I have followed this CentOS 5.2 Mongrel Cluster tutorial for starting mongrel_cluster at reboot on CentOS 5.2. However, I have to manually start mongrel_cluster at reboot.

Since that didn't work, I followed the advice in Set up Mongrel as a service and start it automatically on Centos 5.2. The key bits are:

chkconfig -add mongrel_cluster
chkconfig –level 345 mongrel_cluster on

Again... This sidn't work: I still have to manually start mongrel_cluster at boot. Finally, I tried adding "@reboot ..." to my crontab as so:

# Restart Ferret Drb server on host reboot:
@reboot ${RAILS_ROOT}/script/ferret_server --root=${RAILS_ROOT} -e production start

# Restart rails apps (via Mongrel) on host reboot:
@reboot /etc/init.d/mongrel_cluster start

but again... I have to manually restart both Mongrel and Ferret!

Finally, I have followed the How to launch DRb server on reboot (linux) instructions, but I have to manually launch the Ferret DRb at reboot...

This is my first sysadmin gig, so I'm not even sure which logfile(s) to be looking at... If you need more information to help, please help me out & let me know where to look!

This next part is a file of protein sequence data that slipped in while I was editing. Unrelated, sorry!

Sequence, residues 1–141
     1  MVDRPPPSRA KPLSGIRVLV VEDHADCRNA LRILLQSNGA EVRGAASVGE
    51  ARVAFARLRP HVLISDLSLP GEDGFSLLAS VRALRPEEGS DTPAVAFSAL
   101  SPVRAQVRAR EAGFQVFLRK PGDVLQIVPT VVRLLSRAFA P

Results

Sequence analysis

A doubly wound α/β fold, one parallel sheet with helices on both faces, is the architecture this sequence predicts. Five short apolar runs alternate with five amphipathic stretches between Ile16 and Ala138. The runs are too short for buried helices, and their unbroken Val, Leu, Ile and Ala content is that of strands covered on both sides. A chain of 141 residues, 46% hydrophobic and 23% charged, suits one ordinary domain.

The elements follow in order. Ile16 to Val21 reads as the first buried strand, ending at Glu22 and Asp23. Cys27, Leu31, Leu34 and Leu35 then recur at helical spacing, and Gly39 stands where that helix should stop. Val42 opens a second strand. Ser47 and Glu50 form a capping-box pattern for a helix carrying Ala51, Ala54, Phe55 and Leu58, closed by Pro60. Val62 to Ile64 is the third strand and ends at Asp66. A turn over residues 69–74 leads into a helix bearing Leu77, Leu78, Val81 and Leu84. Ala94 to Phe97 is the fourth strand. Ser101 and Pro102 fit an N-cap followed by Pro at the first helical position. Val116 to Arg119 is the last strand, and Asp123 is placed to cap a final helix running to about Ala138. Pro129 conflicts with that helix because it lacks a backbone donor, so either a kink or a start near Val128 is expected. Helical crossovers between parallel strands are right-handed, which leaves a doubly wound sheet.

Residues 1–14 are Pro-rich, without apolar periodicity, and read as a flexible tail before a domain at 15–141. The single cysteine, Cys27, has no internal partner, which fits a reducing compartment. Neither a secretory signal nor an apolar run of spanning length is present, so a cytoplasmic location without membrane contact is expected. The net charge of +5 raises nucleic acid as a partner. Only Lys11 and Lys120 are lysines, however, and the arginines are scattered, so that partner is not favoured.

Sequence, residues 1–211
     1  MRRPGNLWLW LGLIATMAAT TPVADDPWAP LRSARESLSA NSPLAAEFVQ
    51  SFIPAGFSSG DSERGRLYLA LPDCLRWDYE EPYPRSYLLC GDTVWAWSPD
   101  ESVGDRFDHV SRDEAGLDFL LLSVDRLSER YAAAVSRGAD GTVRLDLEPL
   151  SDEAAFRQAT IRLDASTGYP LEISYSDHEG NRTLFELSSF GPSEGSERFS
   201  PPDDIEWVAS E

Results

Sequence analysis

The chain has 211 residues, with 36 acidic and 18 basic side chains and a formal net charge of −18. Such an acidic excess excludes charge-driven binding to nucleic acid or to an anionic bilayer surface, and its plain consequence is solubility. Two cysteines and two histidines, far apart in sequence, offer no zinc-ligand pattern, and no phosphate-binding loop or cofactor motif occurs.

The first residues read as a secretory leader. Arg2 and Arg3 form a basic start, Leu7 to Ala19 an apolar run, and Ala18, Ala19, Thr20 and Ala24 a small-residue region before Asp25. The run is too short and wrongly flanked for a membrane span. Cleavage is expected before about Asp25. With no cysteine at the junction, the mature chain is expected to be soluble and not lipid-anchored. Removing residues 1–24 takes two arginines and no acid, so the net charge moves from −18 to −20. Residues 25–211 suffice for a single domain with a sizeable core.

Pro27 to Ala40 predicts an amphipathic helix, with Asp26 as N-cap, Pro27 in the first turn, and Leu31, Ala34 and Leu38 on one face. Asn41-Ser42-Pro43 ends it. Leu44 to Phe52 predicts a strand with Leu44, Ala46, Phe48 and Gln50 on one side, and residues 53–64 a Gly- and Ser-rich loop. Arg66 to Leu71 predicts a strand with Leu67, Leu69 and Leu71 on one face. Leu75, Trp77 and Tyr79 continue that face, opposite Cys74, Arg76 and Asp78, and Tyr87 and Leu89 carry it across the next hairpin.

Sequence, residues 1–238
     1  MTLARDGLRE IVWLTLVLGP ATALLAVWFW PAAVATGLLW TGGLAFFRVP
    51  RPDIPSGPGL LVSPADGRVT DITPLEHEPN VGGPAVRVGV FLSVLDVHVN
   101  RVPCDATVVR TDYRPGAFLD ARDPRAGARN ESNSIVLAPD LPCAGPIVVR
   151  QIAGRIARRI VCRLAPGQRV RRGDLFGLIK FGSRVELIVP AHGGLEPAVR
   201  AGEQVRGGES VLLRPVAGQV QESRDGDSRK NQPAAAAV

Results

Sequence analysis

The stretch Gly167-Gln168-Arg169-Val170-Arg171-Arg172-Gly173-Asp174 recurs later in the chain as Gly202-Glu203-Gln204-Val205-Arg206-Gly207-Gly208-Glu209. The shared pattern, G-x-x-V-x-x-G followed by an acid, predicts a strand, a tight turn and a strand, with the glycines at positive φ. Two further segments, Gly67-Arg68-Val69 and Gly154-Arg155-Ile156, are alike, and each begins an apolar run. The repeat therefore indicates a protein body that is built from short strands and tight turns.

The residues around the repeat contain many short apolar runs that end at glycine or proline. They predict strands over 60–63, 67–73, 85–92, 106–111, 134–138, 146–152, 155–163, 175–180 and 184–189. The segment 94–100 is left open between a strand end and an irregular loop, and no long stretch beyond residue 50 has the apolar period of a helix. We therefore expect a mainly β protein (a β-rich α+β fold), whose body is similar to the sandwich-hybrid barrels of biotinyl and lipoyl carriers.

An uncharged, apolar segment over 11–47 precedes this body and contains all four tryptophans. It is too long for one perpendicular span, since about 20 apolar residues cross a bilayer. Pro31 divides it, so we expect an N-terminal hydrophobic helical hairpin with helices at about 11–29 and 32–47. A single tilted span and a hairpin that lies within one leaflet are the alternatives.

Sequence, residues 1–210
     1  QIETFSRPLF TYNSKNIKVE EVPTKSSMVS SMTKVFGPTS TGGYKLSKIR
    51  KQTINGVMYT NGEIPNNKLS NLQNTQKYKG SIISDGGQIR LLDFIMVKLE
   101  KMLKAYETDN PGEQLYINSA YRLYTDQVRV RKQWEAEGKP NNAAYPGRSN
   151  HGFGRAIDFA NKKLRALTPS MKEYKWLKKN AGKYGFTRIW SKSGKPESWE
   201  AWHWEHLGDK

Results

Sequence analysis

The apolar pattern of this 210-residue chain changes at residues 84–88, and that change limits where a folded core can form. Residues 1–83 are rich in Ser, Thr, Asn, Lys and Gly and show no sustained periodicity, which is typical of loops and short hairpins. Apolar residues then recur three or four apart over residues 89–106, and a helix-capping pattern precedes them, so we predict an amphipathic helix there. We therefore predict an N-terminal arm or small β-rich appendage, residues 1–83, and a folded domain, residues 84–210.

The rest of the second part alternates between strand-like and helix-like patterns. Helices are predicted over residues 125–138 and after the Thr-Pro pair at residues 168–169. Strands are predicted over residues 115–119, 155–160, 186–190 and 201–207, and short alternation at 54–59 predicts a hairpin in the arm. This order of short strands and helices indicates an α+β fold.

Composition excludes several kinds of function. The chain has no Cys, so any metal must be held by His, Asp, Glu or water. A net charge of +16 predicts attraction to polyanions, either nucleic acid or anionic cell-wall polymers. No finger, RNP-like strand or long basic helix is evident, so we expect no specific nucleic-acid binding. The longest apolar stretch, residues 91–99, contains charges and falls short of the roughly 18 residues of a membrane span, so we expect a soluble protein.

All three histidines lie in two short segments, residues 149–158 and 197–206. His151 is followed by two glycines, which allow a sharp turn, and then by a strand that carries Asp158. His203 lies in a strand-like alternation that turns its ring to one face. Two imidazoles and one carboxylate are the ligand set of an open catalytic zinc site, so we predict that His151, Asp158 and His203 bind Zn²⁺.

2 Answers 2


The answers to another question gave me an idea that seems to have worked. I've added the following to my /etc/rc.local file:

# ... and restart Mongrel
su - MyUserName -c "/etc/init.d/mongrel_cluster start"

# ... and restart ferret
su - MyUserName -c "cd /path/to/rails_root && ./script/ferret_server --root=/path/to/rails_root -e production  start"

... and whammy! Mongrel & Ferret DRb servers seem to reboot!

Is there a corresponding script to call when the system is shutting down (i.e. to properly kill mongrel_cluster & ferret_server)?


Pete - you can always stop the mongrel_cluster by using a similar command in your rc script:

su - YourUserName -c "/etc/init.d/mongrel_cluster stop"

That's standard initrc script handling. You'll usually find that a '/etc/init.d/scriptname' can be followed at least by either 'start' 'stop' or 'restart' (the last command almost always attempts to run the stop section of the script followed by the start script.

However, you shouldn't need to do this. When the system shuts down, all running processes are sent a termination signal which means they should terminate normally on shutdown. You can see this on the terminal outpout as it shuts down, although I'm not sure if it's logged by default on CentOS. (except if mongrel or ferret are configured to make logs)

Hope that helps.

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